Change is the only constant

The last few weeks passed by in a blur of activity. Transforming a business is not easy, and one must grab  the opportunities that present themselves. However, times of change and flux can be volatile, and I do not enjoy finding myself in conflict with people whom I have a close relationship with. The conflict is not over yet, but necessary to bring hidden items to the fore, and help one refocus on what is important. It also shows that not all relationships are positive, or meant to last.

The differences between people in my life, and how they view the world and react, was highlighted after loads of us completed our Gallup StrengthsFinder surveys. This behavioural science tool shifts the focus from developing areas where you are weak, to a process where you focus on your core strengths. The strengths are divided into 34 items, and the basic test will highlight your top 5, being the ones that most influence your behaviour. A more complete test will rank all 34 for an individual, showing you which ones dominate, which ones support and which ones are really low on your radar. Your team dynamic then gets explored when you take the top 5 for each team member, and map it out on a grid. The grid defines the 34 key strengths into 4 broad categories for Strategic Thinking, Executing, Influencing and Relationship strengths. Once you see your team map, you’ll have many “aha” moments, as specific events suddenly gets explained. It also changes your hiring practise, as you now start looking at the person, not just their CV, focussing on hiring people who plug holes in your team grid.

The change this brings in small teams are amazing. I have witnessed this from the sideline where it was applied in a company that I have close ties with, and the acceleration of their business has been immense. They also started recognising these character strengths in their customers, and are able to better match their human resources with their customer strengths and needs.

On a personal level, when Mari and I did these tests, it suddenly explained so much of our behaviour, and also why we experience conflict with each other in certain situations. It has certainly added another deeper dimension to our relationship, one that will stand us in good stead going forward.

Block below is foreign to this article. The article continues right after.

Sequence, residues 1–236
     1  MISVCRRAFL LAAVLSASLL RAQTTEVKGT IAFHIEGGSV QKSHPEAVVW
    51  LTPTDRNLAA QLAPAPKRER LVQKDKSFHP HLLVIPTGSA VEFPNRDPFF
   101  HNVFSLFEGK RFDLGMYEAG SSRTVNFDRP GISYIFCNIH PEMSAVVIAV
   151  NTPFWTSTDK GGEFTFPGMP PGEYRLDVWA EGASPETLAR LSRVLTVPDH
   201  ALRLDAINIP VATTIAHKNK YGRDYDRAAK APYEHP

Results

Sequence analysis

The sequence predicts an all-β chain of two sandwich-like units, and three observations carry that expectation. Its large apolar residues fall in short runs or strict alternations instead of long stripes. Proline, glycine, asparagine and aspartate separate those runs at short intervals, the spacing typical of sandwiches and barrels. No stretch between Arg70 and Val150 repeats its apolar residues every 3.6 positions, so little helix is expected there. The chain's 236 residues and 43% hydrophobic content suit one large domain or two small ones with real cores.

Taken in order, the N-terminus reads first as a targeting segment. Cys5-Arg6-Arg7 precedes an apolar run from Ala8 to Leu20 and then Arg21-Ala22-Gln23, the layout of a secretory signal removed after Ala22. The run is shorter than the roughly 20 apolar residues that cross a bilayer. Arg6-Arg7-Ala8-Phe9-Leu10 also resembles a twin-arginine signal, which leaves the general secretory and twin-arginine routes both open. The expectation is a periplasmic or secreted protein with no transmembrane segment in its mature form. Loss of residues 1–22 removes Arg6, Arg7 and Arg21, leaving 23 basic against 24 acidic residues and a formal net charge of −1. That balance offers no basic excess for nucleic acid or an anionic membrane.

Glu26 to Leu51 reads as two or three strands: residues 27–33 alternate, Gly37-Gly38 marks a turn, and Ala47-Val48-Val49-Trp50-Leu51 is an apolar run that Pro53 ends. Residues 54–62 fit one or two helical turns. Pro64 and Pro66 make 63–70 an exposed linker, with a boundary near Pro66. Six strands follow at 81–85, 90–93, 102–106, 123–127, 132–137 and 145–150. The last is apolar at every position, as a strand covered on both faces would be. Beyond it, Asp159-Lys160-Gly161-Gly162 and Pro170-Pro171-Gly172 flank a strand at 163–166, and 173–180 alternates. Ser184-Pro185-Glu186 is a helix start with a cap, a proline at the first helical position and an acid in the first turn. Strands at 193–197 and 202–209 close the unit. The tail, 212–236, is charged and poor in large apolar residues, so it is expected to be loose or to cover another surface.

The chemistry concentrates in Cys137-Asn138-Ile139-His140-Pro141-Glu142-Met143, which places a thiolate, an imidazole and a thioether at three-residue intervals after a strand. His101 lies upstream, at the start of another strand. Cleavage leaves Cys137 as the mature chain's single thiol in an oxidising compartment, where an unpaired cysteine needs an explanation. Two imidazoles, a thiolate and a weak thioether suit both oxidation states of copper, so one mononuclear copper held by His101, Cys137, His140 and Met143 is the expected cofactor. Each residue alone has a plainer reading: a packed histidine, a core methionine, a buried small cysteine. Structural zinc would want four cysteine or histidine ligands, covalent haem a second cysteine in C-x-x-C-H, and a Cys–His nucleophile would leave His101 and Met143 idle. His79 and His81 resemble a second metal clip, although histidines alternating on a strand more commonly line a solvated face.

For now, I am fighting the battles I have to, driving them to conclusion, making sure that I make the best decisions for my family and my business.

Feel like giving up? Then watch this…

The past few weeks in my life has been hectic. But, while that is the case, I have also been learning new things, connecting with business mentors, completing many tasks, making tough choices and taking steps every day to get my cloud platform up and running. It is easy to start feeling overwhelmed and even easier to feel like quitting, because a project like this is not for the faint hearted.  All the long hours, lack of sleep, hours of intense concentration, overcoming obstacles etc, can really get to you. So, I decided to take the weekend off, not touch my computer and just chill out and catch up with life a bit.

To start my week, I decided to complete a few other tasks, before I get stuck into my work and cloud project. As it happens, I run a Plex Media Server at my home office, and while firing up the app to get some good tunes on, I accidentally stumbled in to my “channels” section, and then saw my TED Talks app. Thought I’d have a quick look to see what was new, and then stumbled across this talk by David Blaine. He’s well know as a magician, illusionist and stuntman. This honest, low-key, talk on him learning how to hold his breath for 17 minutes fascinated me. The talk is not about how awesome he is, all the media attention, his successes or anything like that. He does a short intro, just to set the scene of who he is and what he does, and then he describes his admiration of legendary magicians and escape artists. This admiration pushes him to attempt a stunt, to emulate the great Houdini. What follows is a story of all the ways he explored, all the ways he failed, almost dying and how he finally succeeded, setting a Guinness World record by holding his breath for more than 17 minutes. It is a great talk that shows us how we can fail many times, in many ways (including publicly!) before we finally achieve success.

Quite an inspiring video to watch on a Monday morning. What is true is that, as we learn to overcome obstacles, we train ourselves to be mentally tougher. I can already see this with my two young sons. They are quick to quit, but mom and dad pushes them to try. When they try and succeed, they suddenly realize that it was not so hard as it initially seemed, and they want to tackle an even bigger task. There is a valuable lesson in there for us, we do not get born with perseverance, we learn it my failing, trying and overcoming.

A 5 minute excersize

The time has come for me to admit to a seriously receding hairline. While the loss of my hair is regrettable, the time saved on quick haircuts is useful. I am not quite at the point where I can place a call on hold and get a quick haircut, but I did reduce from a 7 minute task to a 5 minute task. Words like “short” and “style” have lost all haircut meaning for me. I now primarily worry about my hair being “neat”. How things have changed…If you have a lovely head full of hair, get yourself styled properly, because age will take that simple pleasure from you… On the flip side I now have more time on hand to enjoy other things. Such as the new limited edition Jack White – Lazaretto album that arrived as part of my Third Man Records Vault #20 package.